This isn’t an accident of the specific numbers I picked. If you run the same analysis algebraically instead of with concrete numbers, you’ll find that the general result holds: in this system, when one server becomes slow, the throughput of every server remains the same.

A (more) formal proof

Let’s define some notation:

  • C: the total client concurrency (10,000 in our example)
  • N: the number of servers (100 in our example)
  • Si: server i (where i ranges from 1 to N)
  • Li: the latency (in seconds) of requests to server Si. In our example, L1 would be 1 second, while Lj = 0.001 for j > 1.
  • Ci: the number of requests outstanding on server Si at any given time.
  • Ti: the throughput of server Si (in requests per second).
  • Pr(ci): the probability that a particular client has a request outstanding to server Si at any given time.
  • Pr(Ri): the probability that a newly-issued request will be issued to server Si.

We’re looking for a formula for Ti. For a server that can handle one request a time, the throughput is simply the inverse of the latency (1/Li). We said that our server was infinitely scalable, which means it can execute an arbitrary number of requests in parallel. Specifically, it would be executing Ci requests in parallel, so the throughput Ti is:

Now, how do we calculate Ci, the concurrency of requests at each server? Well, since each client has exactly one request outstanding at a time, Ci is exactly the number of clients that have a request outstanding to server Si. Since the clients operate independently, that’s just:

To calculate ci, we need the percentage of time that each client has a request outstanding to Si. We define a probability space of events (t, i) indicating that at millisecond timestamp t, the client has a request outstanding to server Si. By simply counting the events, we can say that the probability that a client has a request outstanding to server Si is:

Now, since it’s equally likely that we’ll assign any given request to any server:

that means:

All we’re saying here is that the fraction of time each client spends with a request outstanding to a particular server is exactly that server’s latency divided by the latency of all servers put together. This makes intuitive sense: if you have 20 servers that all take the same amount of time, each client would spend 5% (1/20) of its time on each server. If one of those servers takes twice as long as the others, it will spend 9.5% (2/21) of its time on that one (almost twice as much as before) and 4.8% (1/21) on the others.

With this, we can go back to Ci:

and finally back to Ti:

and we have our result: the throughput at each server does not depend at all on the latency of that server (or any other server, for that matter)!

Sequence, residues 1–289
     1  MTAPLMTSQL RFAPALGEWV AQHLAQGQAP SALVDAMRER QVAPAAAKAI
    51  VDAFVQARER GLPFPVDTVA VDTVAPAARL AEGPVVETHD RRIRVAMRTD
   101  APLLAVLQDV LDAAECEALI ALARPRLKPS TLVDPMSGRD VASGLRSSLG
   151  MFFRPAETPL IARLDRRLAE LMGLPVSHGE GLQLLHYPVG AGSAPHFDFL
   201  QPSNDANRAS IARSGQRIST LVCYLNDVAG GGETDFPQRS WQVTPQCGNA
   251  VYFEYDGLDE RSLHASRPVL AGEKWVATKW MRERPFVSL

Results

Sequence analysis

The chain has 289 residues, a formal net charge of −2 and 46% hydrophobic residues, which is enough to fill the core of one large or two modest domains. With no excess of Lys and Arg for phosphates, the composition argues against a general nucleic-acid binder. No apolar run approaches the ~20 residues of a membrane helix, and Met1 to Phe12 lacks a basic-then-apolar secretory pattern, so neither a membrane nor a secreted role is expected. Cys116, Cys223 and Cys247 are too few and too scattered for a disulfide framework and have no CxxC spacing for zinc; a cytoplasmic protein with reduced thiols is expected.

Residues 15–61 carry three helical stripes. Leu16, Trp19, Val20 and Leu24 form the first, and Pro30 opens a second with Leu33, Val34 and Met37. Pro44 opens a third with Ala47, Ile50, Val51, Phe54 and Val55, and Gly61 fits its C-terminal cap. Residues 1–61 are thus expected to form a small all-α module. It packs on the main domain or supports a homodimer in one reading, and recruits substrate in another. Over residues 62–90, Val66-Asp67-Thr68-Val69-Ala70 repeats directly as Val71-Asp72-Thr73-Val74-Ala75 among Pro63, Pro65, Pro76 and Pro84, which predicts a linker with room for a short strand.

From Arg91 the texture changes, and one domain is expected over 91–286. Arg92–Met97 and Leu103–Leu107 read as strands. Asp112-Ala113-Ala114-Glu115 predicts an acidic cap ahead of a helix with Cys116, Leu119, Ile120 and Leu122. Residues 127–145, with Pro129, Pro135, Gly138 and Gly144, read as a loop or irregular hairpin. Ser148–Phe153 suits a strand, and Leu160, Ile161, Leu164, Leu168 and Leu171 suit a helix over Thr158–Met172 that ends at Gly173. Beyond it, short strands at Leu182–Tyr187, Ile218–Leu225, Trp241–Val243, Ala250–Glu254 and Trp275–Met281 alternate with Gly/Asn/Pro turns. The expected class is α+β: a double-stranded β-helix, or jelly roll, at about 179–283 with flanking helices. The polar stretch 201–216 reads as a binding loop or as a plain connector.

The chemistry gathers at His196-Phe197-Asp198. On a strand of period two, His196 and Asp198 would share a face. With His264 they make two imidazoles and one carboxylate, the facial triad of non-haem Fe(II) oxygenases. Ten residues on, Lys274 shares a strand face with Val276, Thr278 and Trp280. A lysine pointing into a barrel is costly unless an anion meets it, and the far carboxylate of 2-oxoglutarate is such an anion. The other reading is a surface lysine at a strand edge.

We can plug in some numbers to sanity check. In our example, we started with:

and we get the results:

which matches what we said above.

Simulating the behavior

One might find this result hard to believe. I wrote a simple simulator to demonstrate it. The simulator maintains a virtual clock with a 1ms resolution. To start with, each client issues a request to a random server. Each virtual millisecond, the simulator determines which requests have completed and has the corresponding clients make another request. This runs for a fixed virtual time, after which we determine the total throughput and the per-server throughput.

The simulator as-is hardcodes the the scenario that I described above (1 server with 1s per request, 99 servers with 1ms per request) and a 10-minute simulation. For the specific numbers I gave earlier, the results are:

$ node sim.js
simulated time:           600000 ms
total client concurrency: 10000
     1 server that completes requests with latency 1000 ms (starting with "server_0")
    99 servers that complete requests with latency 1 ms (starting with "server_1")

server_0     5455039 requests (  9092 rps)
server_1     5462256 requests (  9104 rps)
server_2     5459316 requests (  9099 rps)
server_3     5463211 requests (  9105 rps)
server_4     5463885 requests (  9106 rps)
server_5     5456999 requests (  9095 rps)
server_95    5457743 requests (  9096 rps)
server_96    5459207 requests (  9099 rps)
server_97    5458421 requests (  9097 rps)
server_98    5458234 requests (  9097 rps)
server_99    5456471 requests (  9094 rps)
overall:   545829375 requests (909715 rps, expect 9097 rps per server)

In my simulations, server_0 is generally a bit slower than the others, but within 0.2% of the overall overage. The longer I run the simulation, the closer it gets to the mean. Given that the slow server is three orders of magnitude slower per request (1s vs. 1ms), I’d say it’s fair to conclude that the per-server throughput does not vary among servers when one server is slow.